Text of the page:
by Niala Mohammad
I arrived at a bright red house, situated on a steep road that overlooked the dusty mountains surrounding the unique city of San Francisco. A man with East Asian features, a head full of white hair in a bob cut, a whisky beard, small framed glasses, an orange shirt and suspenders answered the door. He greeted me with a warm pleasant smile and generously invited me inside. As he prepared tea for us, I sat in his living room, taking in the sights of shelves and tables full of books, as well as paintings on the wall that he later told me were made by his daughter.
He was born and raised in Afghanistan to an Afghan father and an American mother. He is a Sayed, and his East Asian features are courtesy of his Hazara grandmother. He grew up in Lashkar Gah, a town in Helmand province where his father oversaw a massive irrigation project that the US initiated during the 1950’s. Tamim explained that during that time, Lashkar Gah was, in fact, considered a little American town – a stark difference to the Lashkar Gah of current times that is known for its insurgents, warlords and opium. At the impressionable age of 16, Tamim left Afghanistan only to return 38 years later, when the Taliban were ousted from power.
Many know Tamim Ansary for a controversial email that circulated around the world. He was the first to speak up against statements made in the media after 9/11 that suggested Afghanistan be “bombed back to the Stone Age”. The email was sent to about 20 of his friends who then sent it to another 20 of their friends, with this cycle continuing until it became a chain email that gained international media attention. His words reflected a truth that many were unaware of. He wrote:
“The Taliban and Bin Laden are not Afghanistan. They’re not even the government of Afghanistan. The Taliban are a cult of ignorant psychotics who captured Afghanistan in 1997 and have been holding the country in bondage ever since. Bin Laden is a political criminal with a master plan. When you think Taliban, think Nazis. When you think Bin Laden, think Hitler. And when you think “the people of Afghanistan” think “the Jews in the concentration camps.” It’s not only that the Afghan people had nothing to do with this atrocity, they were the first victims of the perpetrators. They would love for someone to eliminate the Taliban and clear out the rats nest of international thugs holed up in their country. I guarantee it…Some say, if that’s the case, why don’t the Afghans rise up and overthrow the Taliban themselves? The answer is, they’re starved, exhausted, damaged, and incapacitated.”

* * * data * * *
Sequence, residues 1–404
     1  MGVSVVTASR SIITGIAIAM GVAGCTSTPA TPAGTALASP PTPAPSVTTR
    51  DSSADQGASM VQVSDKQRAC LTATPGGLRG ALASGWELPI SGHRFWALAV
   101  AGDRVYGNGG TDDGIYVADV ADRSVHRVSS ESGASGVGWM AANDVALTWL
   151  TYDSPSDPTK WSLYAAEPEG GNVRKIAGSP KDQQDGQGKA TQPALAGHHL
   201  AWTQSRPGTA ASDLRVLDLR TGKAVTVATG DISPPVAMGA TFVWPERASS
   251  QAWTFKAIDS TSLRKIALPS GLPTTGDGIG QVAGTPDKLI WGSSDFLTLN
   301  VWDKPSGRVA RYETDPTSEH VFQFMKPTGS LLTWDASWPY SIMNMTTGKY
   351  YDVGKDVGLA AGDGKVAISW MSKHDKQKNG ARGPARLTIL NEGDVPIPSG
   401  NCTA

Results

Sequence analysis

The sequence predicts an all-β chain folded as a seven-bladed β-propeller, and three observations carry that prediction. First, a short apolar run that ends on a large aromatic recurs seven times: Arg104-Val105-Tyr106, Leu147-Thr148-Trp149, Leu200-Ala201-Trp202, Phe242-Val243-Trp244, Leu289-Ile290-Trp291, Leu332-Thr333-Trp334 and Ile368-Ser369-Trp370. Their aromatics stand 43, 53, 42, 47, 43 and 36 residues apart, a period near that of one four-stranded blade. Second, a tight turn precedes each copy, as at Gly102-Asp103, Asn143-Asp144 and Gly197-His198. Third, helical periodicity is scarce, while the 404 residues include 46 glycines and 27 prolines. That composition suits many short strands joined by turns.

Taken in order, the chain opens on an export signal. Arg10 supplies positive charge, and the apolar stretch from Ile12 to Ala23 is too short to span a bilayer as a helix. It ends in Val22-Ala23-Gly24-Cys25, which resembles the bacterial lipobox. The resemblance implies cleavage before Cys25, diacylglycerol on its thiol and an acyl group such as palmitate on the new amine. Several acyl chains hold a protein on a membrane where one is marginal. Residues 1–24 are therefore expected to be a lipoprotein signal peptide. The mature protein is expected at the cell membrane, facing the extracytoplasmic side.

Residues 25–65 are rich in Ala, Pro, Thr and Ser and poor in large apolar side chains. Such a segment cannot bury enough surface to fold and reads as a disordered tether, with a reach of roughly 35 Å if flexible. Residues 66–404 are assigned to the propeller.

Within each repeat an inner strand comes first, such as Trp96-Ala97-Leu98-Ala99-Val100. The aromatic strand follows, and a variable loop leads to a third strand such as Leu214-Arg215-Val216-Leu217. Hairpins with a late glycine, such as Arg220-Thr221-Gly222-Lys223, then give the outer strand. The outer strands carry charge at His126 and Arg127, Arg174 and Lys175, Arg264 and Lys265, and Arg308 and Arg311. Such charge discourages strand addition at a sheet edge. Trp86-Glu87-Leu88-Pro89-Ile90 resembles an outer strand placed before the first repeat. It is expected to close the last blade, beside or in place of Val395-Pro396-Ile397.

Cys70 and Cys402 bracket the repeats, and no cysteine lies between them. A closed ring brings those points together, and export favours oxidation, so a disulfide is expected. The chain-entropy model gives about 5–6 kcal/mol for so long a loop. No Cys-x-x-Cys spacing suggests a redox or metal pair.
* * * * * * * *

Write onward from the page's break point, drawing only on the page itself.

Tamim Ansary humanized the Afghan people by explaining them and their circumstance in terms that Americans could relate to and understand. In an exclusive interview with VOA Deewa, Tamim stated, “Because I grew up bi-culturally in both places, …I was in a position that enabled me to see what the people on this side thought and what the people on this side thought [Tamim gestured his hands from one side to another]. And I was on the top of that fence and they couldn’t see each other. I felt a responsibility to explain the two sides to each other.” From that point on, Mir Tamim Ansary served as a bridge between the two vastly different cultures of Afghanistan and America.
Tamim Ansary has written several books including Destiny Disrupted: A History of the World Through Islamic Eyes, West of Kabul, East of New York: An Afghan American Story, The Widow’s Husband, and Games without Rules: The Often-Interrupted History of Afghanistan. These books have helped countless Americans better understand the Afghan people, as well as their history and society.
Not only did he make it his mission to help Americans understand Afghanistan – he also uses his talents and skills to empower the Afghan-American community by serving as a mentor for first generation Afghan-Americans like himself. In his spare time, Ansary directs the oldest free writing workshop in North America, where he offers private workshops and conducts one-on-one consultations with select writers. “Afghan-Americans – they have an experience that is kind of wrenching. Because they came in under the shadow of their parent’s holocaust, they are divided between two worlds….and after 9/11 more so. There is a sense of displacement and a sense of not being in your home. And then it’s natural to suppose your home is Afghanistan especially because parents are always nostalgically talking about their homeland. So now you are seeking your identity in the very thing that the whole world your actually in touch with is saying is despicable. That is psychologically interesting and complex. I felt like these kids should be writing about this. So I got a grant and I started a project to get young Afghan-Americans to write.” The New York Times bestseller, The Other Side of the Sky: A Memoir is proof of Tamim Ansary’s passion for mentoring young Afghan writers. He co-authored the memoir of his student-protégée Farah Ahmedi who tells the tale of her prevailing journey from Afghanistan to America.
Ansary is equally American as he is Afghan but it took him a while before he would come to terms with his cultural identity. Growing up he always felt like an outsider. Tamim said, “no matter what room I walked into, whether it was a bunch of Americans or a bunch of Afghans…people would think: ‘the outsider is here.’” Perhaps the events of 9/11 are what compelled him to finally feel comfortable in his own skin – and help other Afghan-Americans make peace with their identity, as well.